If you are interested in receiving more personalized recommendations as I discuss with my Hungry Hobby RD clients, check out my one on one nutrition counseling website here.
52 HEALTHY HABITS IN 52 WEEKS SERIES:
The 52 Healthy Habits Series is about ditching the diet mindset and making small changes to improve health overall naturally leading to a healthy body composition, increased energy and improved health. Please follow along and check out the past weeks!
- Week 52: Healthy Habits Wrap Up
- Week 51: Nightly Reflection
- Week 50: Limit Harmful Chemicals
- Week 49: Find Your Tribe
- Week 48: Cultivating Positivity
- Week 47: Healthy Thanksgiving Tips
- Week 46: Check In
- Week 45: Mobility – Foam Rolling
- Week 44: HIIT Training
- Week 43: LISS or Steady State Cardio
- Week 42: Limit Alcohol
- Week 41: Eat White, Wait What?
- Week 40: Eat Blue & Purple
- Week 39: Eat Green
- Week 38: Eat Yellow/Orange
- Week 37: Eat Red
- Week 36: Learn Which Foods to Purchase Organic
- Week 35: Read the Ingredient List!
- Week 34: Focus.
- Week 33: Chew Your Food!
- Week 32: Meditation
- Week 31: Gratitude Journaling
- Week 30: Plan & Revamp Dessert- 20 Healthy Ideas
- Week 29: Two fistfuls of veggies per meal
- Week 28: Get In Veggies At Breakfast
- Week 27: Healthy Veggie Snacks
- Week 26: Nourishing Fats for the Gut (Healthy Digestion Part 4)
- Week 25: Keeping Regular – The Other Fiber (Healthy Digestion Part 3)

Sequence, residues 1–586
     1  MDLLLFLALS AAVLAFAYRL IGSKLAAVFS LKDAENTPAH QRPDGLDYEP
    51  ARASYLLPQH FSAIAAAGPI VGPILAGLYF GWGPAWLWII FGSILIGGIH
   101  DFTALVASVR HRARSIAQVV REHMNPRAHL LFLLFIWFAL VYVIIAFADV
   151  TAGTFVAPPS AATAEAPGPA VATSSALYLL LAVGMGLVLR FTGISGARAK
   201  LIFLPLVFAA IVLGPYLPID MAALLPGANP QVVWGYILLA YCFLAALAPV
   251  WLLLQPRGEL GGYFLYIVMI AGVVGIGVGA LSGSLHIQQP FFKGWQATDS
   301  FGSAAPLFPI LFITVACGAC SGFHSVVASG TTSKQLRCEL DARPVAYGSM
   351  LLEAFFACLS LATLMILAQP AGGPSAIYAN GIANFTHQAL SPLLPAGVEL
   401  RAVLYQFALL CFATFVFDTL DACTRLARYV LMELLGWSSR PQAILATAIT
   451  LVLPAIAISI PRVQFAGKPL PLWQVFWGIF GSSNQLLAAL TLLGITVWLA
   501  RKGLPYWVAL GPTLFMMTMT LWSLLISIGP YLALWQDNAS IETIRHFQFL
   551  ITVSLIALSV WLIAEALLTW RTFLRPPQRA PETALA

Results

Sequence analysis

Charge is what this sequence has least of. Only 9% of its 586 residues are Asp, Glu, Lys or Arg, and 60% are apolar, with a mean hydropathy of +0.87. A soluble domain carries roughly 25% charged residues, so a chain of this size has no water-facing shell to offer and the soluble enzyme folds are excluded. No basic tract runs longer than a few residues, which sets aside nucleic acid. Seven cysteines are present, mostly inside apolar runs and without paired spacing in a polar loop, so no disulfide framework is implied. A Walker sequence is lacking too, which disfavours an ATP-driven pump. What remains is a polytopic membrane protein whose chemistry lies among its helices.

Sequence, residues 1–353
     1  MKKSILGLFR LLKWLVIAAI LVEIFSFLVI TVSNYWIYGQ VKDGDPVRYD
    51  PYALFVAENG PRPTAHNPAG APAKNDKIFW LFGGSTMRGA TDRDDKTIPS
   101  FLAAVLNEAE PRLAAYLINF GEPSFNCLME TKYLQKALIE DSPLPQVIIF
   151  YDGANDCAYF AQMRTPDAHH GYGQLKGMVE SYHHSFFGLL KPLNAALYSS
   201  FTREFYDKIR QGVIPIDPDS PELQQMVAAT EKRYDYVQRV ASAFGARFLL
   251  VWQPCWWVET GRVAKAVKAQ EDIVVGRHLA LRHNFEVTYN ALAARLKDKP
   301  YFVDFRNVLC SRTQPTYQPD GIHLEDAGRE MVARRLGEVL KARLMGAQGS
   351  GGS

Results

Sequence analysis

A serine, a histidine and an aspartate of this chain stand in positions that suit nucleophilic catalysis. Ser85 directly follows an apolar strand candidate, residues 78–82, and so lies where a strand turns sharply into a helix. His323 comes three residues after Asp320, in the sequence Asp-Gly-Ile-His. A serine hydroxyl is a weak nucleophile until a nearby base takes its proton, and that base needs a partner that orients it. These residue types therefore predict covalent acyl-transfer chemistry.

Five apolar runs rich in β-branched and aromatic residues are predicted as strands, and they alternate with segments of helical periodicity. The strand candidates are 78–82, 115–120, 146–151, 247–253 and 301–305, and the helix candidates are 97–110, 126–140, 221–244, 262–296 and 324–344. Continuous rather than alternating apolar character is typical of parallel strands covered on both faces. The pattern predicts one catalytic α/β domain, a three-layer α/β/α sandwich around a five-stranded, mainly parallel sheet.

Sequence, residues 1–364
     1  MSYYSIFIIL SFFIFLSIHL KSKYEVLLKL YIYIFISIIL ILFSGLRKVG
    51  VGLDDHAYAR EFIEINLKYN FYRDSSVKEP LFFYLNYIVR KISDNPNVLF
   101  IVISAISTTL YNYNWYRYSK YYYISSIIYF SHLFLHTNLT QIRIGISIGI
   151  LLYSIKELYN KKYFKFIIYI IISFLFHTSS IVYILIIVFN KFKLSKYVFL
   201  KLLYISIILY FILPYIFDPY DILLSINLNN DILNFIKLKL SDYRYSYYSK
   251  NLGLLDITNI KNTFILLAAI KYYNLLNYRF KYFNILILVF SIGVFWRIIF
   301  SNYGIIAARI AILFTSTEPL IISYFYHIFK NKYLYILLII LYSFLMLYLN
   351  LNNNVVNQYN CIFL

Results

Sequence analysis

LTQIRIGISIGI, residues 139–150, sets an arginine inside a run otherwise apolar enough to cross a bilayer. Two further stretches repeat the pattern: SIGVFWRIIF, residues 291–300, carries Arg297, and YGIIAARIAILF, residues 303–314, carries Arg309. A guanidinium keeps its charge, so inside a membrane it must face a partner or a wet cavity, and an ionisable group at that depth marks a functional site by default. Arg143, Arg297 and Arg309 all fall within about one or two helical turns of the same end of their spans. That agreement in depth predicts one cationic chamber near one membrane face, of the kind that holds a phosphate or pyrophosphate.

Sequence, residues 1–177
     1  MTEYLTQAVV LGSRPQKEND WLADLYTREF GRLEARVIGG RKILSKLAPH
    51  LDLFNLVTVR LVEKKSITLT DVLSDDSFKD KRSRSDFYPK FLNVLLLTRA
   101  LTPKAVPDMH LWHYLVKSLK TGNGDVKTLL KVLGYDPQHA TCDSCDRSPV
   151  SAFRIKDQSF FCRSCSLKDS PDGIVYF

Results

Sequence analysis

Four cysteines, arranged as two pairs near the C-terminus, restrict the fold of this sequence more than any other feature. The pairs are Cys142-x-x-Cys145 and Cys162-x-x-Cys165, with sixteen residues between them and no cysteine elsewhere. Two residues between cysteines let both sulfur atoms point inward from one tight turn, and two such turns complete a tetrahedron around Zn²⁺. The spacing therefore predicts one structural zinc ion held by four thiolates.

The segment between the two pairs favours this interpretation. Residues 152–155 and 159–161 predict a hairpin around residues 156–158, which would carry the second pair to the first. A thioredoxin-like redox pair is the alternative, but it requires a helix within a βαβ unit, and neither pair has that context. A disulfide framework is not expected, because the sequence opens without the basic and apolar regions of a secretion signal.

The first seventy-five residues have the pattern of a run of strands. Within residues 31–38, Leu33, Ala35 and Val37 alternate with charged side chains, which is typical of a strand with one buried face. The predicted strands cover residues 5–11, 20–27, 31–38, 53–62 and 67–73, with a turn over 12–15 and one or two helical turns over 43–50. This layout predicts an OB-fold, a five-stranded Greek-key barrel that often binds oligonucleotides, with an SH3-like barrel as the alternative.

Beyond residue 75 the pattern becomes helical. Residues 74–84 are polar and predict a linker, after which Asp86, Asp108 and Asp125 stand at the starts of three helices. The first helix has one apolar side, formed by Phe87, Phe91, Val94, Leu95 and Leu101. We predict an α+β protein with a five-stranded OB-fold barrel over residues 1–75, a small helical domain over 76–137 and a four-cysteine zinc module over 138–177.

- Week 24: Feed The Probiotics With Prebiotic Fiber (Healthy Digestion Part 2)
- Week 23: Amazing Health Benefits of Probiotics (Healthy Digestion Part 1)
- Week 22: Check In
- Week 21: What You Will Learn From Recording Your Meals (Intuitive Eating Series Part 4)
- Week 20: Eat Until 80% Full (Hara Hachi Bu) (Intuitive Eating Series Part 3)
- Week 19: Limit Distractions While Eating (Intuitive Eating Series Part 2)
- Week 18: Gaging Your Hunger Cues (Intuitive Eating Series Part 1)
- Week 17: 10,000 Steps Per Day
- Week 16: Assess Your Caffeine Intake
- Week 15: Decrease Sugar Intake
- Week 14: Healthy Coffee Creamers (upgrade yours)
- Week 13: 3 Month Check In
- Week 12: Sleep Enough & Sleep Better
- Week 11: Schedule Your Workouts
- Week 10: Pack A Healthy Lunch (5 Ways to Create Endless Combinations)
- Week 9: Prioritizing Protein
- Week 8: How and What to Meal Prep
- Week 7: Create & Stick To Your Healthy Meal Plan
- Week 6: Get Enough Omega-3’s (Fight Inflammation)
- Week 5: What Is A Healthy Fat & How To Get Enough (Include Healthy Fats)
- Week 4: How to Spot A Healthy Carbohydrate (Upgrade Your Carbs)
- Week 3: Tips to Increase Veggie Intake (Eat Veggies)
- Week 2: 15 Healthy On the Go Breakfast Ideas (Eat BF Challenge)
- Week 1: Tips to Drink More Water